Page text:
Obama: 'I Can't Run Against a Do-Nothing Congress'
Below, we're providing up-to-the-minute quotes from President Obama's press conference.
On the economy:
"The reason I keep going around the country talking about this jobs bill is because people really need help right now, our economy really needs a jolt right now. This is not a game. It’s not time for the usual political gridlock."
"The problems Europe is having today could have a very real effect on our economy at a time when it is already fragile. But this jobs bill can help guard against another downturn if the situation in Europe gets any worse."
"There are too many people hurting in this country for us to do nothing and the economy is just too fragile for us to just let politics get in the way of action."
"I think that if we don’t take action, then we could end up having more significant problems than we have right now."
"It’s not as if [the jobs bill] is going to solve all our problems, but it’s an important start that we know would end up growing the economy and putting hundreds of thousands, millions of people back to work at a time when they need it most, and it’s paid for."
"The irony is that the same folks that the Republicans claim to be protecting -- the well off, the millionaires and billionaires -- would be doing better if ordinary Americans had money in their pockets and were out there feeling more confident about the economy. That's been the lesson of our history. When folks in the middle and at the bottom are doing well, the folks at the top do even better."
On passing his jobs bill:
"We’re just going to keep on going at it … my intention is that each part of this, I want an explanation as to why we shouldn’t be doing it. … We will just keep on going at it and hammering away until something gets done."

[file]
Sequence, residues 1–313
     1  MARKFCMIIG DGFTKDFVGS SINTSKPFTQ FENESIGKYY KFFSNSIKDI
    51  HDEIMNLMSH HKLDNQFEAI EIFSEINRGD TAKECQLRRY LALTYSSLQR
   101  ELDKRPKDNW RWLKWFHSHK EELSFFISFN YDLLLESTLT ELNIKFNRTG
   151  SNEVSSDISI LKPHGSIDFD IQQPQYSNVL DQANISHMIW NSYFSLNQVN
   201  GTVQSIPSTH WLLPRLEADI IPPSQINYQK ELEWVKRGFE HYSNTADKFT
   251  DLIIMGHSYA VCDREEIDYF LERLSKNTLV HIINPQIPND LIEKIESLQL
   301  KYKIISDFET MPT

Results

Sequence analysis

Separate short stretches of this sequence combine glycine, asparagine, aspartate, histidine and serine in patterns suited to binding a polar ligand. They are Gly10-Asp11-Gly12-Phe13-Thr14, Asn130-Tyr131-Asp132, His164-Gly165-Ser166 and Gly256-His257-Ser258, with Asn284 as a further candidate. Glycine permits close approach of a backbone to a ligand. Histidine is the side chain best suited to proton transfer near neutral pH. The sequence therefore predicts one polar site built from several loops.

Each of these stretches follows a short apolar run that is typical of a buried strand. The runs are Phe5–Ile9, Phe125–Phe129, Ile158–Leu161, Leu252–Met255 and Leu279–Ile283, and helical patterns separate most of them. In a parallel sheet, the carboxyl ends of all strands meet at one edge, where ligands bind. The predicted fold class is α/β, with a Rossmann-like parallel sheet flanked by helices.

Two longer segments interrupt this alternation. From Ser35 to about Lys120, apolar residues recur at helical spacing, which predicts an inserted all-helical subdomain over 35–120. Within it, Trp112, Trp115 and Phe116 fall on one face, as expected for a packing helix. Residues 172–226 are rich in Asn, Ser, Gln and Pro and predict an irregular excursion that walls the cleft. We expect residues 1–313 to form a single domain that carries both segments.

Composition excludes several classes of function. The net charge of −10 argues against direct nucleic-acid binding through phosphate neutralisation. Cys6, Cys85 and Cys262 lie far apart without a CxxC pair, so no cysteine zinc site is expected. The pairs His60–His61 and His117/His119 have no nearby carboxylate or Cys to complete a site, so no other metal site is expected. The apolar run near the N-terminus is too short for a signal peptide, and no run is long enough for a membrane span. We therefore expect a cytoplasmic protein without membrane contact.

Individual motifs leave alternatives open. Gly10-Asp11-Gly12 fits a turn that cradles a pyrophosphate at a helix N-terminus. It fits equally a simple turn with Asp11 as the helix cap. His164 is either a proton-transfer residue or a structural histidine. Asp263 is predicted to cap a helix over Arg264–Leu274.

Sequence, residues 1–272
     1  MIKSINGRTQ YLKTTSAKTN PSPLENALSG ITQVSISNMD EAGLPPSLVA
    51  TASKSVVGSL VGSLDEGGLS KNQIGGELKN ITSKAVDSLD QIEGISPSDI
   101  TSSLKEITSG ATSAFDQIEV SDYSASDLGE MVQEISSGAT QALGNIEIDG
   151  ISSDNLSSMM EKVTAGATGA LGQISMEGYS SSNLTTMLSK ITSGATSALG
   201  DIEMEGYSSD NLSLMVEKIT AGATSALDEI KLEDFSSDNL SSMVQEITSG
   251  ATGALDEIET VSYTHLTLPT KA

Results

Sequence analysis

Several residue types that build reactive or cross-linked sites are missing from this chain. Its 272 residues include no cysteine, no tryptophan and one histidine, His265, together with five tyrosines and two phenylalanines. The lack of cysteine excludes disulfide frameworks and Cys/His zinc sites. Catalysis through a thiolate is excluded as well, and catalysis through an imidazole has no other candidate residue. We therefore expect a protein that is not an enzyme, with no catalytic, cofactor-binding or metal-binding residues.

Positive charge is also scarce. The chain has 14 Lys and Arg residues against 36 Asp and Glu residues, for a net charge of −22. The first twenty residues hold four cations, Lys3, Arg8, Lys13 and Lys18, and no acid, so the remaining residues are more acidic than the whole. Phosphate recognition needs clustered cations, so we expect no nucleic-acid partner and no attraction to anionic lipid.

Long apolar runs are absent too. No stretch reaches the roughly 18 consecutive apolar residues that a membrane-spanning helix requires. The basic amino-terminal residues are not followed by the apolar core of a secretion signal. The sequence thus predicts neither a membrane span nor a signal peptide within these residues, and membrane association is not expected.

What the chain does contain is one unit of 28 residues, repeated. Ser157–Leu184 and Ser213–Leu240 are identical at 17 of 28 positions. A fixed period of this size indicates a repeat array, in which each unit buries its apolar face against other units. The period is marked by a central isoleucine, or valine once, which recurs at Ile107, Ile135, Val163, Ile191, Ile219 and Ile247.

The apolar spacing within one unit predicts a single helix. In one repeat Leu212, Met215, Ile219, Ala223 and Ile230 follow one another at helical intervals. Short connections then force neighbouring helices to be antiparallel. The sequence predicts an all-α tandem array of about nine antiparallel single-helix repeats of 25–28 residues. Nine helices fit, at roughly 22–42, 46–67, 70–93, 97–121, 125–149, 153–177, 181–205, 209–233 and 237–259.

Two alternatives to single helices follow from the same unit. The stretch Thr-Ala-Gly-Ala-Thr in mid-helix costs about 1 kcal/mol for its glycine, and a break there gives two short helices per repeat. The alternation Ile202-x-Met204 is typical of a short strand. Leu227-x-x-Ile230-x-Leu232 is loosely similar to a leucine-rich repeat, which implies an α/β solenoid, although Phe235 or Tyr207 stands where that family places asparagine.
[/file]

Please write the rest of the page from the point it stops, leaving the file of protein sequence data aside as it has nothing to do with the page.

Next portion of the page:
"We’ve also got to reign in our deficits and live within our means. Which is why this jobs bill is fully paid for by asking millionaires and billionaires to pay their fair share. Some see this is as class warfare. I see it as a simple choice."
"With respect to working with Congress, I think it’s fair to say that I have gone out of my way in every instance -- sometimes at my own political peril and to the frustration of Democrats -- to work with Republicans to find common ground and move forward."
"It’s now up to all the Senators and hopefully all members of the House to explain to their constituencies why they would be opposed to common sense ideas that have historically been supported by Democrats and Republicans in the past."
"[Americans] are very skeptical about Congress’s ability to act right now. The American people are very frustrated right now, they’ve been frustrated for a long time. They don’t get a sense that folks in this town are looking out for their interests ... I can go out there and make speeches but until they actually see action, some of that cynicism is going to be there."
"The Republicans in Congress, even when the American people agree with me, will vote against something I proprose."
"I am always open to negotiations. What is also true is that they [Congress] need to do something. … I am ready, eager to work with them."
"The question is will Congress do something? If Congress does something, I can’t run against a do-nothing Congress. If Congress does nothing, then it's not a matter of me running against them. I think the American people will run them out of town."
On the 2012 campaign:
"The election is 13, 14 months away. I would love nothing more than to not be out there campaigning because we were seeing constructive action here in Congress."
"I would love nothing more than to see Congress act so aggressively so that I can’t campaign against them as a do-nothing Congress."
On the Occupy Wall Street protests:
"You’re still seeing the folks that acted irresponsibly trying fight efforts to crack down on abusive practices that got us into the problem in the first place."
On financial reform and oversight:
"I used up a lot of political capital -- and I’ve got the dings and bruises to prove it -- in order to make sure that we prevented a financial meltdown and that banks stayed afloat."
"What I think is that the American people understand that not everybody has been following the rules, that Wall Street is an example of that."
"You’ve got Republican presidential candidates whose main economic policy proposals are that we’ll get rid of the financial reform that are designed to prevent the abuses that got us into this mess in the first place."